Anyone for ‘Welsh’ Art?
Much cultural excitement to be had in Wales at the moment, as a brand new National Museum of Art is opening up. This marks the culmination of what might be described as stage 2 of the National Gallery of Wales plan. Stage 1 has been in development for some time, with the establishment of the Artes Mundi competition. Stage 2 will see the new museum opened on the 9th of July 2011, while efforts will be pushed through over the coming years to establish a National Gallery, the Stage 3 of this new cultural development. The Museum Wales website talks enthusiastically about ‘giving a new visibility to art in Wales and to the art of Wales’, that this will act as a wonderful promotion for both Welsh art but Wales as well.
It is certainly an admirable goal, but one must wonder how effectively this costly endeavour will be in achieving its ambitions. The arts in Wales have in recent years suffered too much from being trapped in a clique. While other nations in the British Isles have succeeded in opening up art to new larger audiences (Tate Modern being the prime example of such success), Wales has seen too much of its art, both contemporary and historical slip further and further away from the limelight. This new National Museum should have the potential to address that, but how effectively will it engage audiences, and more importantly how effectively will it promote Wales?
The heart of this issue is how much actual Welsh material will be promoted in this endeavour. There is an important distinction here between having a permanent collection, and pushing particular collections or exhibitions to new audiences. The Artes Mundi for instance, has no doubt raised drawn attention to Wales in a particular artistic community, but outside of that community, how much connection is there between Welsh people and Welsh hosted exhibitions, and how much attention does it actually draw to Welsh produce? Welsh representation at the Artes Mundi has been minimal from a point of view of competitors, and what is this saying about the current state of art in the country. Perhaps it is this issue that has seen the Artes Mundi fail to reach out to a wider Welsh audience, we as a nation do not see this competition as ‘ours’, we view it as ‘theirs’, the establishments, the non-Welsh.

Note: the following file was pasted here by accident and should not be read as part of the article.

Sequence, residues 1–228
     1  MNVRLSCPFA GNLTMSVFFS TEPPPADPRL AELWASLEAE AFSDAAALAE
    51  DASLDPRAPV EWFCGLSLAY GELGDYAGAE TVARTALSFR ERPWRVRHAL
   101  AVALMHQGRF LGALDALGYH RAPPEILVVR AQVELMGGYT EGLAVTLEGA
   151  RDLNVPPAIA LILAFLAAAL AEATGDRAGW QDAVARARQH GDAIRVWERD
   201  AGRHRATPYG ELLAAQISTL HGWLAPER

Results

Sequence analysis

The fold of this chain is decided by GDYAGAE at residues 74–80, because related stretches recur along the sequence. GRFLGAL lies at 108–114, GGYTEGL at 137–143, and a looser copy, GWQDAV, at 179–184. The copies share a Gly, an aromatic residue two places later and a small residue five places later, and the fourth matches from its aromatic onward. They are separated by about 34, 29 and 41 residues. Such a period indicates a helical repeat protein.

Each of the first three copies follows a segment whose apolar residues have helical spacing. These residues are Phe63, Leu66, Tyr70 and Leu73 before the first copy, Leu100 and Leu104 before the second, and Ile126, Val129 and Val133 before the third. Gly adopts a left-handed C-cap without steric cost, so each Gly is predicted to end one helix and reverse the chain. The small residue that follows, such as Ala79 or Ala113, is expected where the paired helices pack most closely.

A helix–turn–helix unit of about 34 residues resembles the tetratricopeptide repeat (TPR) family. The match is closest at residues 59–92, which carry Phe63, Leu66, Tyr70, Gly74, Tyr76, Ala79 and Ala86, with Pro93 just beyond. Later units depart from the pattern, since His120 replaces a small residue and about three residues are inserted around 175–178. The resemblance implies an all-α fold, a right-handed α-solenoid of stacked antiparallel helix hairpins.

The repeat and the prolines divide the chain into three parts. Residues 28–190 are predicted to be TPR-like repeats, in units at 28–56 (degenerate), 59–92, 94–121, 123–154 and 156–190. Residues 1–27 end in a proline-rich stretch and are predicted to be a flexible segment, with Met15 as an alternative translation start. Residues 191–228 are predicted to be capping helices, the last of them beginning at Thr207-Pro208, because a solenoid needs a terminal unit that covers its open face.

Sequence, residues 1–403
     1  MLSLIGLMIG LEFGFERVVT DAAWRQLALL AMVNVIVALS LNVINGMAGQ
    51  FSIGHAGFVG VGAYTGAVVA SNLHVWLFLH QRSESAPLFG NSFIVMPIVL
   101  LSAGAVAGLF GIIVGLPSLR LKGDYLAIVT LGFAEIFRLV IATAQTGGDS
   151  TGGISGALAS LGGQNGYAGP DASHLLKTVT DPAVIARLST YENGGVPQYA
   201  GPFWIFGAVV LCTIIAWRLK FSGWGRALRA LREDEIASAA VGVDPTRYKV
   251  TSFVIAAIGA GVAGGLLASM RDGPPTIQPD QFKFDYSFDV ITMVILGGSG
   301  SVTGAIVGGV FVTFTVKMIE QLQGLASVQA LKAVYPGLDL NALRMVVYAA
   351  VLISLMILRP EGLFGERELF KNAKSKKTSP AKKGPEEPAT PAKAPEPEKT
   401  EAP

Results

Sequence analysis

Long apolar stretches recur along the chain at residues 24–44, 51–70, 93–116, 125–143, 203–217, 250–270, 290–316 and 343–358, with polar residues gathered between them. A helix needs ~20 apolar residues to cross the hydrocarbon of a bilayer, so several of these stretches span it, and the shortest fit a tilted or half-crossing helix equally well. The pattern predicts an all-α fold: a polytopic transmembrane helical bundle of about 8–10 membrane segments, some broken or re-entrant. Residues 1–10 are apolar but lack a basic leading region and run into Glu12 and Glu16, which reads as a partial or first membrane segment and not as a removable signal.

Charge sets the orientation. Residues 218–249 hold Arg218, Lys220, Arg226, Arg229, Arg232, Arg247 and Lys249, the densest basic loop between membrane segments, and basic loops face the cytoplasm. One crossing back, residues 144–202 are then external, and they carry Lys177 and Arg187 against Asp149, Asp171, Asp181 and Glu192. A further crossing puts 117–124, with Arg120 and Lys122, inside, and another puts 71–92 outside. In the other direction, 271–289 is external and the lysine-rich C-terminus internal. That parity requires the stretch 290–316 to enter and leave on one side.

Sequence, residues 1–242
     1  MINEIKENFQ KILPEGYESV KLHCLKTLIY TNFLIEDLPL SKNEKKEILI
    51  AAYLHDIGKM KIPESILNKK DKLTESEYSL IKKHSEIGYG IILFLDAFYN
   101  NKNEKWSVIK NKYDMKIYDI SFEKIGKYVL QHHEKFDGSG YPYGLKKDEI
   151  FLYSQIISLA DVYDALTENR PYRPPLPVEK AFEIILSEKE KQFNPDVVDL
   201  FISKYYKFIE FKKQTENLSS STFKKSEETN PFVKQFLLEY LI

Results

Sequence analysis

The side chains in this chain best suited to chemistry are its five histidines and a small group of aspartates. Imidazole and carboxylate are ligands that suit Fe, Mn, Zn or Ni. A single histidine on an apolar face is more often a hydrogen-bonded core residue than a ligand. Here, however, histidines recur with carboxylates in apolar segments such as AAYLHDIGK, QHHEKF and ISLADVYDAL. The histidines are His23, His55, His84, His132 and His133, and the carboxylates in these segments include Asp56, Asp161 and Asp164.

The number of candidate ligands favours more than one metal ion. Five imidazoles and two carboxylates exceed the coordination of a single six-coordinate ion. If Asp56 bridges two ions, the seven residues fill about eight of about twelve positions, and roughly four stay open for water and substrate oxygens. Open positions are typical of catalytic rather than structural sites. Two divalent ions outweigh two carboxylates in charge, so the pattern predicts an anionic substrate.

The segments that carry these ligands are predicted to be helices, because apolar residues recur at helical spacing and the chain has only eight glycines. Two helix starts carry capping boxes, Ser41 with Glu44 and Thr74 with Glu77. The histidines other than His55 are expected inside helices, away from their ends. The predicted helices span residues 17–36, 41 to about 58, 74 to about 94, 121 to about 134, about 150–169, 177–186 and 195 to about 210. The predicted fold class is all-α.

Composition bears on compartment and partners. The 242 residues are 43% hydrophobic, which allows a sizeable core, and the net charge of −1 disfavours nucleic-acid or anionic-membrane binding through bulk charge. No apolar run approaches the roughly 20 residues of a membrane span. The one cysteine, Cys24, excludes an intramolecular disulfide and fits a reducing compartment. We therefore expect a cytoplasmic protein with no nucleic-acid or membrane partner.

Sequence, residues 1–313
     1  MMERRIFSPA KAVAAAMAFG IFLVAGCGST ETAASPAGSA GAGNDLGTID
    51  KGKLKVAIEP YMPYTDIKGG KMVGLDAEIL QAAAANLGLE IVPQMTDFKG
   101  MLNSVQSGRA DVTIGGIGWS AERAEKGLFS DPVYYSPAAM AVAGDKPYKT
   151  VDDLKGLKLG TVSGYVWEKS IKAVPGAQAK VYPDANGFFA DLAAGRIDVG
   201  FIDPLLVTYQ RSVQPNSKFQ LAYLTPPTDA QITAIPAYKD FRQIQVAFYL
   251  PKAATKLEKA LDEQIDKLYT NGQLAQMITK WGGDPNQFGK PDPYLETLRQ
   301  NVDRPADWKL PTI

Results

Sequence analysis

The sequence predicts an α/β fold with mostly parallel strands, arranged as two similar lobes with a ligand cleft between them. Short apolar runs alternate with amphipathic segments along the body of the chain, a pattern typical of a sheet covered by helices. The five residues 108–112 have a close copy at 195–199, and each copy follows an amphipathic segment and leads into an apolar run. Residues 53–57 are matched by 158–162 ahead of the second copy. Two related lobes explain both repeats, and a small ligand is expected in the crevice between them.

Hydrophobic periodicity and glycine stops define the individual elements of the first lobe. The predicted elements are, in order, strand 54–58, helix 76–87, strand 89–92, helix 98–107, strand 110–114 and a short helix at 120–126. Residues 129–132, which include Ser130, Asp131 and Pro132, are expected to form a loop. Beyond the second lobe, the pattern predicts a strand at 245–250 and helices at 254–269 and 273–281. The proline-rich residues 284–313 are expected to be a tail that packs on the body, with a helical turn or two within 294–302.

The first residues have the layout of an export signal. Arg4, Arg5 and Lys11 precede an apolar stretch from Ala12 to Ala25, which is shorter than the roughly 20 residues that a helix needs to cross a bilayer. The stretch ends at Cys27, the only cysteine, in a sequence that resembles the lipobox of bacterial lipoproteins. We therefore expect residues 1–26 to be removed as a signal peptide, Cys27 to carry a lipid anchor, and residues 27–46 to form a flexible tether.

The National Art collection is certainly impressive, the works assembled by the Davies Sisters in particular draw attention, but few of the works in this collection are Welsh in terms of those who produced them, equally as rare is Welsh subject matter in display. This element, Welsh subject matter, is something that is addressed in the new exhibitions, and should be welcomed, but we should be concerned that the volume of Welsh artists is still thin on the ground. The exhibitions welcome artists who have spent time here yes, but that is akin to hailing a visitor who stays a week before going home, as a Welsh National. This area is one which the Museum must be careful with. Is our National Gallery to be one which promotes Welsh work, or promotes international work? In doing so, might it be counterproductive to view this project as a Welsh National Gallery at all, and forget about any Welsh branding, after all, if we are not selling something distinctly Welsh, what point is there in branding it as such?
This might seem overly negative, but there is an important point of consideration that must be drawn out. Museums live and die on their communities, fail to connect here and no matter the number of non-community visitors that come through the door, the project will fail. All the Museum Wales institutions live through their local Welsh domiciled audiences, St Fagans in particular is a site that draws well over half its visitor numbers from within a 50 mile radius. Will this new set of galleries and exhibitions speak to the community audiences? Will it speak to local/national audiences that might not have been tapped into in the past by the previous set of art galleries? My concern is, that in trying to develop something that is inevitably going to be slanted towards the international, that we will end up losing sight of the importance of the national, the Welsh. If we fail to stress the importance and relevance of these collections to Welsh audiences, then we will be left with one critical question, that being who are we producing this for, indeed, what are we producing this for? If it is not for Welsh audiences then its merit is dubious. The strength of a museum collection rests in whether or not it will bring back the local-national visitor time and again. If that proves a success, the non local/international visitor will follow. Fail with the first, and the second will not be seen either.
This is not to say that I think this will fail, more a concern of the consequences should it fail, and a hope, that Wales has not been forgotten in its new National Art Museum.